(Imaged to follow)

One possible cause is dirt / stray light on the optics, so the plan is to strip and clean the optics and then paint the sides of the mirrors with black paint and then re-assemble and go through this all again :)

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Forgot to add - we've also tried Davids Canon 450d and had the same artifact was present in the test images

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I reckon you've got a Spike Fairy. :)

Blimey but you'd have thought all those checks would have revealed something!

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Tell me about it !

On leaving David mentioned that another possible area could be the focuser....this was flocked too, so maybe taking off the flock inside the draw tube will be the simplest way to rule that out !

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A thought.

Do the nature of the spikes change when the star is off-axis compared with exactly on-axis?

The on-axis star sees just the thickness of the vane, but an off-axis star intercepts the projected depth of the vane, so the vane appears thicker to this star.

Interesting discussion on CN here:

http://www.cloudynights.com/ubbthreads/showflat.php/Cat/0/Number/5185134/page/0/view/collapsed/sb/5/o/all/fpart/1

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Oh my brain hurts !!

Thanks for the links guys. I'll sit down with a strong coffee and have a read at lunch time !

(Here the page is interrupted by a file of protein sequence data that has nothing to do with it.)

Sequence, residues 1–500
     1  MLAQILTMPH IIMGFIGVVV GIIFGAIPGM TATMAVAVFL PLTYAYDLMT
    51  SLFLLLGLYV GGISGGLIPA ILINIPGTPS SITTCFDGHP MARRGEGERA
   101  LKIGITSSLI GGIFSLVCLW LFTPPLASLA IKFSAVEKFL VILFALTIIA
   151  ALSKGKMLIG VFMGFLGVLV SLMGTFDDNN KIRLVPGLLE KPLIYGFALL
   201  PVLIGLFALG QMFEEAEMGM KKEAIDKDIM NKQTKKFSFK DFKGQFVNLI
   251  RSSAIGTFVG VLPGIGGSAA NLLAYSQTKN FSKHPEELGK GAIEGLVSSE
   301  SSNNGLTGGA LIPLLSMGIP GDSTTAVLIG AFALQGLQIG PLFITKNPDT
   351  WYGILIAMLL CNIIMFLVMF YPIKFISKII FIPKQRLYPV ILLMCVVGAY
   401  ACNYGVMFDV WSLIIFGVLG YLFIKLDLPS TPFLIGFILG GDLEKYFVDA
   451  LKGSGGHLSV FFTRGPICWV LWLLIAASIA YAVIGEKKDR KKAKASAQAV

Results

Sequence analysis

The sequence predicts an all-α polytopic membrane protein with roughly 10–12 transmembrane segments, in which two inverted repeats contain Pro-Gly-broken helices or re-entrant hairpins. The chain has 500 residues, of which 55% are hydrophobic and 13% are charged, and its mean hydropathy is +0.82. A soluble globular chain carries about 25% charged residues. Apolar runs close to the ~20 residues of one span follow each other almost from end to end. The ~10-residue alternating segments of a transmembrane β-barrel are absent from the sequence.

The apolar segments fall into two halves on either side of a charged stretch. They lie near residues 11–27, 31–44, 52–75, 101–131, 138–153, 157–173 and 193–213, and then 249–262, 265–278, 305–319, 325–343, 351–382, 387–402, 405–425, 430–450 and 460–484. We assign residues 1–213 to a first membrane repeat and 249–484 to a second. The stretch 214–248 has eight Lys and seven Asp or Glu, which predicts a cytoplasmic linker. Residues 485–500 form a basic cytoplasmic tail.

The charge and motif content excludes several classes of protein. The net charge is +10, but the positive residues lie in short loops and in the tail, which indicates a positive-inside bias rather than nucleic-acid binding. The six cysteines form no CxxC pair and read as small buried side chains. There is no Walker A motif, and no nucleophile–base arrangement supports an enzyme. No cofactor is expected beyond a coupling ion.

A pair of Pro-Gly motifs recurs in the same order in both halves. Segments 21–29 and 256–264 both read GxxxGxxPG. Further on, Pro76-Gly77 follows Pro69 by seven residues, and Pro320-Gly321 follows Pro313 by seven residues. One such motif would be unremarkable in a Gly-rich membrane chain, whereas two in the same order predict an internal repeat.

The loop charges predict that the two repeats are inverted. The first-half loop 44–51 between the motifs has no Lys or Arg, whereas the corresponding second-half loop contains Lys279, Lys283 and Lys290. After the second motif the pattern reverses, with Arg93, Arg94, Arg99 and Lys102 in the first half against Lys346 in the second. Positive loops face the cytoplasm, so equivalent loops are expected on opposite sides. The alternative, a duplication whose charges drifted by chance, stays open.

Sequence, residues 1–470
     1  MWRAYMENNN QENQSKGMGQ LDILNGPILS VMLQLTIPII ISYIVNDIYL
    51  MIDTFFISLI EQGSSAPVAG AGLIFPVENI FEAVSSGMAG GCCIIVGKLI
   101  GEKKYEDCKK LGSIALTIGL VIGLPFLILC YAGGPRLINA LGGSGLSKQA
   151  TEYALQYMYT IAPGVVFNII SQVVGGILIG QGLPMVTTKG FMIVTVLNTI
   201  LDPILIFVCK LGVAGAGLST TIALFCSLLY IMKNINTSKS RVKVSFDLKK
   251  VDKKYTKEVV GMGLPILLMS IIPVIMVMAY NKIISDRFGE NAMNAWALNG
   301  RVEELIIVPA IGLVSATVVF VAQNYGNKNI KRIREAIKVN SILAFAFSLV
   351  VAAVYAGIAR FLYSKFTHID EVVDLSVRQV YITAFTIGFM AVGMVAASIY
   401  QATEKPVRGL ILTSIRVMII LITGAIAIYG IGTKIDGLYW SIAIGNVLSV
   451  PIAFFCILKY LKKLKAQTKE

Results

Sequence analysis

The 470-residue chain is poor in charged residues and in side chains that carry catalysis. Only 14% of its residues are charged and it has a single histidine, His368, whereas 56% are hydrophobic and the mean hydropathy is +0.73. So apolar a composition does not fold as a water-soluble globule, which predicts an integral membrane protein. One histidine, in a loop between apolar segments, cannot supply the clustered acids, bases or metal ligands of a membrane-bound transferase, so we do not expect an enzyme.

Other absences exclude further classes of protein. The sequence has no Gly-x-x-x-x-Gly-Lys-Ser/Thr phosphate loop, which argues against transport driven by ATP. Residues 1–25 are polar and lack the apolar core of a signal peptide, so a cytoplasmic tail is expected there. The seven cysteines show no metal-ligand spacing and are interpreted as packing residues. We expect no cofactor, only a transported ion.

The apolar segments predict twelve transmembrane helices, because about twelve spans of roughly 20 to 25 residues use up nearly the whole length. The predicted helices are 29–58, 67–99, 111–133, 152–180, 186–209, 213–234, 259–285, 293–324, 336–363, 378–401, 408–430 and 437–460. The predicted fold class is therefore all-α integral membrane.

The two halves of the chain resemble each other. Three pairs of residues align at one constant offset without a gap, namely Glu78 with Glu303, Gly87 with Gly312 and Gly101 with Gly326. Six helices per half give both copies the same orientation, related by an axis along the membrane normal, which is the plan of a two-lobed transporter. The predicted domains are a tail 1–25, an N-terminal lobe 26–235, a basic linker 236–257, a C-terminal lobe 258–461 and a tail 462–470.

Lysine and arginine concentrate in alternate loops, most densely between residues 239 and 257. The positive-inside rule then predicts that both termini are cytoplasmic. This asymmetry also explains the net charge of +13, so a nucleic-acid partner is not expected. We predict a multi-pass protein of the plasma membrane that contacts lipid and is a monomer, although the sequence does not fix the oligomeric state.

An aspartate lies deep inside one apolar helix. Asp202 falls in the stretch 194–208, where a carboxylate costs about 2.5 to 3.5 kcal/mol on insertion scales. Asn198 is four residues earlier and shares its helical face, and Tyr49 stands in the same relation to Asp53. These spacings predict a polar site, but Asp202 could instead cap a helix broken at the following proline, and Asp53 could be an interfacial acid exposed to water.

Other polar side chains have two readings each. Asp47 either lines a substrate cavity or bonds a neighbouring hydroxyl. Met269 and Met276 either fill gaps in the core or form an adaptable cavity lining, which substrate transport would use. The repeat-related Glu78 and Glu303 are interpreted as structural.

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I think that the extra single spike is created by something else in the light path. it's opposite the spike which makes sense I think (and assuming the second photo is the same orientation). could it be that your camera focus position puts the drawtube into the light path?

could my original suggestion be close to the mark?

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Malcolm, I've been following this thread from the beginning and I'm intrigued to see what the outcome is, I'm sure it won't be long before you crack it (the spike that is, not the scope!!!) :grin:

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Are the spider vanes fitted properly? If they are parallel but one is twisted or kinked it could cause a diffraction like the one you are seeing.

Is it one of ours? If it is we'll arrange a solution :smiley:

HTH,

Steve

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Steve, regretfully I purchased it from elsewhere, and it's almost 18 months old so wouldn't be under warranty. If you could PM me the cost of a replacement Spider it would be appreciated